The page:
We’ve all had that thought, or at least, the non-sociopaths amongst us have. I certainly have. Popular Psychology calls it imposter syndrome.
I’m not an author, an author is someone with recognized titles published. I’m not a writer, a writer loves what they’re doing. They love to craft the words, reveling in the infinite combinations and complexities of the written language.
I’m not a publisher, or a marketer, or a cover designer. I can dip my toes in those waters, but I’m quickly out of my depth.
What I am is a reader. I can devour a book in a single evening. Fantasy, Sci-Fi, Historic Fiction. I’m running out of space on the multiple bookcases in my home, my garage is full of boxes packed with my B list picks. What I love are stories, what I love is clever use of prose. I enjoy complex characters and well-thought out scenes. I enjoy following the structure and pacing take the tale and weave it into a complex but easily understood narrative.
I stop a dozen times a chapter with thoughts like “wouldn’t it be cool if…”, or “maybe it would have been better if the story went…”, or even “please kill this stupid-arsed character so we can get back to the meat of the story”. Take the book, consume it. Appreciate the structure and envision where it might go, where it could have gone better. Critique the believability of the setting, the impossible coincidences the author hand-waves away, the plot-tool nature of the supporting characters, and then think about how they can be fixed. That’s me with a book.
I’m not an Author, I’m an unemployed editor with delusions of how to tell a better story. That my friends, when you get right down to it, is what a Writer is. You’re not a fraud, not any more than I am. What we both are is discouraged, dispirited maybe, and the only way to overcome that… is to write. As that self-parody of a person and gods gift to dank memes, Shia LaBeouf, apparently likes to scream “Just Do It”.
In this particular instance by “do it” I mean walk away and don’t hit play…
PS I don’t think very highly of Pop-Psychology.
You’ve seen the headlines 5 tricks to improve your manuscript or…
- 7 secrets for successful writers
- 10 steps to a best-selling novel
- 9 songs of madness to bring forth the Elder gods. (okay maybe not that one)
Like it or not, as an aspiring writer you are a potential consumer. In today’s blogosphere, there’s a legion of unpublished souls, the greatest potential army of quill-wielding warriors in history, only an electronic step away from being published. That’s a big potential audience, a big market that a lot of people have been tapping into. It feels like there is a lot more money in telling people how to write than there could ever be in actually writing.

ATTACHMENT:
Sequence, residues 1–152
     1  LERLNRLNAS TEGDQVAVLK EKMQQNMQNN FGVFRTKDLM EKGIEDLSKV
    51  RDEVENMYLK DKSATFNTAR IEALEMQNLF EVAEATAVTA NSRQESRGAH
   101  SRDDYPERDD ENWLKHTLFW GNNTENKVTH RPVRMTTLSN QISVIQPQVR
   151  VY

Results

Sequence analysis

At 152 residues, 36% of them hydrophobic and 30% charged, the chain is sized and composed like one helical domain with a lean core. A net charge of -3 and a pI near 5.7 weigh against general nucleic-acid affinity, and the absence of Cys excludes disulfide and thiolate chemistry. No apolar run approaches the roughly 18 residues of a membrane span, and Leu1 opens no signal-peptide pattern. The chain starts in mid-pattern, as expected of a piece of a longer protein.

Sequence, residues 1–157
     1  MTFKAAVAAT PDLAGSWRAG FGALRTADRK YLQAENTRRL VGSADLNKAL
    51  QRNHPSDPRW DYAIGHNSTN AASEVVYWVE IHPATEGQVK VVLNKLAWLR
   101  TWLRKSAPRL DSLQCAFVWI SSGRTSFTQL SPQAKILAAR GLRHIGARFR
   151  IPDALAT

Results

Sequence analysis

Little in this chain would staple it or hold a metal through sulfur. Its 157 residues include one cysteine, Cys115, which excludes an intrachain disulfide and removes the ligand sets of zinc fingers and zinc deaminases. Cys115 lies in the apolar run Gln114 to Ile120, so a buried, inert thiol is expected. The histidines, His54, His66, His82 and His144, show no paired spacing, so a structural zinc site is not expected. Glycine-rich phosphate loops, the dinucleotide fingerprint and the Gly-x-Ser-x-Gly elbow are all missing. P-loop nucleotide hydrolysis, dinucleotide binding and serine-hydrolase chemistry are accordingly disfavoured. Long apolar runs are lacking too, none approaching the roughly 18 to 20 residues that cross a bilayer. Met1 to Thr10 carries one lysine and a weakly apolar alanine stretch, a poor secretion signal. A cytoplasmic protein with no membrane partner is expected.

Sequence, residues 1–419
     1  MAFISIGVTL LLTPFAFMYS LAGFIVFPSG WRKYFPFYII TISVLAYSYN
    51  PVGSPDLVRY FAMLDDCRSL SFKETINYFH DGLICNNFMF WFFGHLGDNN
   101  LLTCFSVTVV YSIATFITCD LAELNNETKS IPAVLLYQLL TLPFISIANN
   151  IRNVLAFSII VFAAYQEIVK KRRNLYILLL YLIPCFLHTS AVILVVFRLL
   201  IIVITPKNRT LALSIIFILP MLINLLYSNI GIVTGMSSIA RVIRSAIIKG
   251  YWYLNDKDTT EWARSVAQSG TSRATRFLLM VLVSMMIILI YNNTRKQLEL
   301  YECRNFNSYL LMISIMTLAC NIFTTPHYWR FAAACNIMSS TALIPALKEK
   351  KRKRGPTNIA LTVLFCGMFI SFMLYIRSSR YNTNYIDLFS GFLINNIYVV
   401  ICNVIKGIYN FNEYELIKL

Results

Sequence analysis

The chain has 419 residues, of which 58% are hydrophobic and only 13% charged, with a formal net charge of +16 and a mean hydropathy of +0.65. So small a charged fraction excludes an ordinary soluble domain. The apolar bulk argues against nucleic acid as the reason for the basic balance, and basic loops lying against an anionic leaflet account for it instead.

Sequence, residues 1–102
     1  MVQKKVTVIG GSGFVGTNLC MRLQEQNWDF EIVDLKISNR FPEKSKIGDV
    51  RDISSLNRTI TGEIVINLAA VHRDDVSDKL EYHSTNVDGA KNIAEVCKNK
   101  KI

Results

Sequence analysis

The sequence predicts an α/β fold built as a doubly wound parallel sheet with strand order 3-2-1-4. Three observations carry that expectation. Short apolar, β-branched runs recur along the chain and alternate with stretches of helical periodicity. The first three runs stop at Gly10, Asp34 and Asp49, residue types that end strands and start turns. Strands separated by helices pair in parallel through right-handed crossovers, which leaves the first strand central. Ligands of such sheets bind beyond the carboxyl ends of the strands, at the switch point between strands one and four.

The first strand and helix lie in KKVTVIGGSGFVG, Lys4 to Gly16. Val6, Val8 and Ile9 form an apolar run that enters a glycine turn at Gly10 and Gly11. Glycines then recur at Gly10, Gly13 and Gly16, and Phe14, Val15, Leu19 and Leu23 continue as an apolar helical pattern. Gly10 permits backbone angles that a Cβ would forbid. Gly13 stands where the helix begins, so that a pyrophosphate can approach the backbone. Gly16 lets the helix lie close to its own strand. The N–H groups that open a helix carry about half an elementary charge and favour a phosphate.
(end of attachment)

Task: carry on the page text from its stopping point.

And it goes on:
Post after post appears telling you the inside edge, the best method, the secret process, and some of them, maybe even most of them, may very well have some merit. But when does the quest to have the most marketable book, detract from the quality of your story. Yes, there are certain tricks on timing and structure that can help, especially if you want to write to the formula so prevalent in YA and various genres. Yes, conforming to these can help you sell books. But that begs the question, am I writing to sell books, or to tell a story?
Now I’m not saying you should skimp on the basic structure and craft of the written word. If every sentence starts with He/She, that needs to be fixed. Your format, spelling, and font, need to be consistent. Grammer is essential, typos should be rooted out, and excessive repetition of words should be fixed with a bit of creativity and possibly a thesaurus. You should have a single PoV per scene, you should have a recognisable protagonist or two, and a not-excessive number of secondary characters.
However when your slow burn story gets bumped to fit in the rising conflict necessary to adhere to the YA template, you have to stop to consider if this actually adds to your story. If you cut every adverb, twist every instance of passive voice, and shave every description to deliver a leaner, meaner, manuscript… you need to look at what you lost in the process.
There is so much writing advice out there, and most of it can be great, but nothing is one-size-fits-all. So MY one-size-fits-all advice is this, once you master the basics, once you are comfortable in your own skin and know your own story, then seek out the experts in the genre you want to write, and see what they say. When you do it pick only a handful of sources and even then you have to be careful that you don’t mix and match advice that actually works against you. Find a style, perfect that style, and remember that not everyone’s advice will be right for you.
- Reach out and connect with your fellow writers
- Get Beta Readers
- Read widely (not just in the same genre) and often
- No work is ever perfected, it’s simply abandoned